KEARNS: Yeah. And we committed early to - we're going to give people the opportunity to see their loved ones. And there was a fear of whether you can contract COVID from the bodies. But again, this is what we do. We're undertakers. We're funeral directors. We're embalmers.
And I remember the first funeral I directed that is after the CDC is now - that's it. Like, no more than 10 people - for this guy who was active in the Knights of Columbus. And there would've been a lot more people there normally. You know, it would've been one of these wakes that it would've had people coming and going.
And now there's six people. They're spread out around the room. They're all wearing a mask. I'm wearing a mask. It's the widow and a couple of her grandkids and her children. And she's in her 70s. She can't hug her grandkids as they are there to bury their grandfather. And I'm up in front of the six. It is a Catholic funeral, so I'm going to say the - you know, that part of the Catholic rite.
So it just - you know, as I'm reading this prayer - and now I'm, like, having a hard time keeping it together. I'm going to break down in front of - you know, it's only six people, but I'm the funeral director. I'm not supposed to be crying at this funeral, you know?
And then, you know, to take it to the cemetery - and again, at the cemetery, we need to stand, you know, 50 feet away from a hole in the ground, all 6 feet apart. And then to watch her just kind of wave to everyone from a distance and get in a car and go, I felt like I don't want to direct another funeral again, you know? I...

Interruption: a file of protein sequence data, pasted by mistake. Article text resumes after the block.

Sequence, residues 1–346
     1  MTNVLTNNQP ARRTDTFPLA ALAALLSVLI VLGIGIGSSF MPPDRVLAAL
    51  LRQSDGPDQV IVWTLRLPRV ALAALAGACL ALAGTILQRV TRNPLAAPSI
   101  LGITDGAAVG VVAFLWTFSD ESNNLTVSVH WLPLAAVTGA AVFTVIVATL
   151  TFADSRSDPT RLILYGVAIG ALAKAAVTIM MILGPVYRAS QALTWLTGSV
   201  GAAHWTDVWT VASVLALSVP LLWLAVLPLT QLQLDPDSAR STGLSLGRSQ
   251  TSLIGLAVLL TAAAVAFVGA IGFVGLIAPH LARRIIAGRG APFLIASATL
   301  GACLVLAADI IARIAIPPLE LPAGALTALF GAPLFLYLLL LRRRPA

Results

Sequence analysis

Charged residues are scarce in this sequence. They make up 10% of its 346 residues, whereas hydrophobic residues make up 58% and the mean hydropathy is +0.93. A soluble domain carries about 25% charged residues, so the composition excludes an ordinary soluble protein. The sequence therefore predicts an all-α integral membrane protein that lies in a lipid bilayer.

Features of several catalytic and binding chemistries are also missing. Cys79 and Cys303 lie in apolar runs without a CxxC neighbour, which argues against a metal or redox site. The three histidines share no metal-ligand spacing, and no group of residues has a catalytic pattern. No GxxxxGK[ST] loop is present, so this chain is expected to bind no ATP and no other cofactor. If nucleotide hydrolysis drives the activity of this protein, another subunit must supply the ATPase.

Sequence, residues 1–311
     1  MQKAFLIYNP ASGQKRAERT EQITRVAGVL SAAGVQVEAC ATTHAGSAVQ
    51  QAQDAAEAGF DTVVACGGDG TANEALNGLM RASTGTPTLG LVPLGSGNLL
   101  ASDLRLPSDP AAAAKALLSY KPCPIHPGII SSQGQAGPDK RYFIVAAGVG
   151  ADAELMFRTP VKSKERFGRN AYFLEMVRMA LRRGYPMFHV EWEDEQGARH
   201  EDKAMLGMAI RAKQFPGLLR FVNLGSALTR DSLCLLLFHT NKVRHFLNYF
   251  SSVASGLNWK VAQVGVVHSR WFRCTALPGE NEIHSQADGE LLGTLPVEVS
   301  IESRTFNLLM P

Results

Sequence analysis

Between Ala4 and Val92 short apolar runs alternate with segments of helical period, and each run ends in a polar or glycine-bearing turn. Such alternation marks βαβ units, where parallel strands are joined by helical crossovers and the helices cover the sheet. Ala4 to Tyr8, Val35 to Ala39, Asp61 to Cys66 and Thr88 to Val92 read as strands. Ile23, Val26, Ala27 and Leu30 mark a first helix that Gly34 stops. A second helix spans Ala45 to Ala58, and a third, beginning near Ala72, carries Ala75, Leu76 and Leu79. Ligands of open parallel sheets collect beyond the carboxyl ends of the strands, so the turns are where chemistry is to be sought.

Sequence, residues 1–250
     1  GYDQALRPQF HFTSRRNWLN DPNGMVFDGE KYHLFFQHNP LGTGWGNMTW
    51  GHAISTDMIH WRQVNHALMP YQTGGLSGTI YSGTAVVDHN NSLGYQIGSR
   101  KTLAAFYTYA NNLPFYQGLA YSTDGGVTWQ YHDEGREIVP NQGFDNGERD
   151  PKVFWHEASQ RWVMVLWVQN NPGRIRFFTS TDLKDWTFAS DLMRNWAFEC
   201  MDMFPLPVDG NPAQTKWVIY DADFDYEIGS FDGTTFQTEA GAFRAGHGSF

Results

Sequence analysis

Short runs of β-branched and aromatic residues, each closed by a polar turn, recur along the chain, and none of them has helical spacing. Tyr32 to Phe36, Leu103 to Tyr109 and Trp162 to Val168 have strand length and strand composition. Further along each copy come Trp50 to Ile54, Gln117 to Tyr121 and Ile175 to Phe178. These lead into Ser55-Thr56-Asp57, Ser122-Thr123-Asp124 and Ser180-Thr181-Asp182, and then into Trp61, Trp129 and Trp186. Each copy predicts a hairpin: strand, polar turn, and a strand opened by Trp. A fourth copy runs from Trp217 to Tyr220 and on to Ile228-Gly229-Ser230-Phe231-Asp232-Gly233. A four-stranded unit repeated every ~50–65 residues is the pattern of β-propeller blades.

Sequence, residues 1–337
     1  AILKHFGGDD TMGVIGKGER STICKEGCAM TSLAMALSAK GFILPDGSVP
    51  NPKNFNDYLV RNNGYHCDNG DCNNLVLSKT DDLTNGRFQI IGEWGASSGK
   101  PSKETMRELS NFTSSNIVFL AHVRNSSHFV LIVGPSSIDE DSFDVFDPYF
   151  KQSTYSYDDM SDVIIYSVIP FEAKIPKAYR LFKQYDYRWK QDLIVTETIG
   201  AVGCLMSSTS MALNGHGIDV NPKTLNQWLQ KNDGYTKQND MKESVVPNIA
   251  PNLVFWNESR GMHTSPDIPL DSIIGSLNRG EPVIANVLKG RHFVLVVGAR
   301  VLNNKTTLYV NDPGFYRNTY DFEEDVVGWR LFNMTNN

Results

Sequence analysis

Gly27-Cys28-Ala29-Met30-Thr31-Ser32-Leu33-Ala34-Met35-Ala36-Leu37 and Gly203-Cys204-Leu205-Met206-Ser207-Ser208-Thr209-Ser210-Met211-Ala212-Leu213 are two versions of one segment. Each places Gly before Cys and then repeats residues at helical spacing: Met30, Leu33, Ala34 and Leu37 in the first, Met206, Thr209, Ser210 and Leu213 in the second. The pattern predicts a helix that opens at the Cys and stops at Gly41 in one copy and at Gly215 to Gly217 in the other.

KEARNS-STANLEY: Not like this.
KEARNS: No. No.
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KEARNS-STANLEY: Well, personally for me, when I walk away from these short funerals, these terse funerals, I don't have the same sense of accomplishment or that it's done the way we wanted it done. I think to make a funeral, there's a lot of parts to it. And during that process, you - you know, you make a connection to people. You bond with them. And I've always said, you know, if you really want to get to know a person, make a funeral arrangement with them. The amount of trust they put in you - they tell you about the workings of their family - the good sides, the bad sides, the - I miss that. And I'm afraid that that is going to somehow not come back - to a degree, anyway.
KEARNS: But now we have a lull here, hopefully. We have a chance to get some rest, catch up. But I'm worried about what comes next. You know, there's no historical precedent other than 1918, which that flu pandemic was, like, three waves. There was the initial wave, a fall wave and then one a year later. So I am very fearful and want to make sure we're prepared for those next two waves. I do believe what we're doing is important, and we need to be doing it. But it has definitely been a difficult ride.
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CHANG: That was New York City undertaker Patrick Kearns and his partner and brother-in-law Paul Kearns-Stanley. Their conversation was produced by Jessica Deahl and the team from Radio Diaries. You can hear more from their series Hunker Down Diaries on the Radio Diaries podcast. Transcript provided by NPR, Copyright NPR.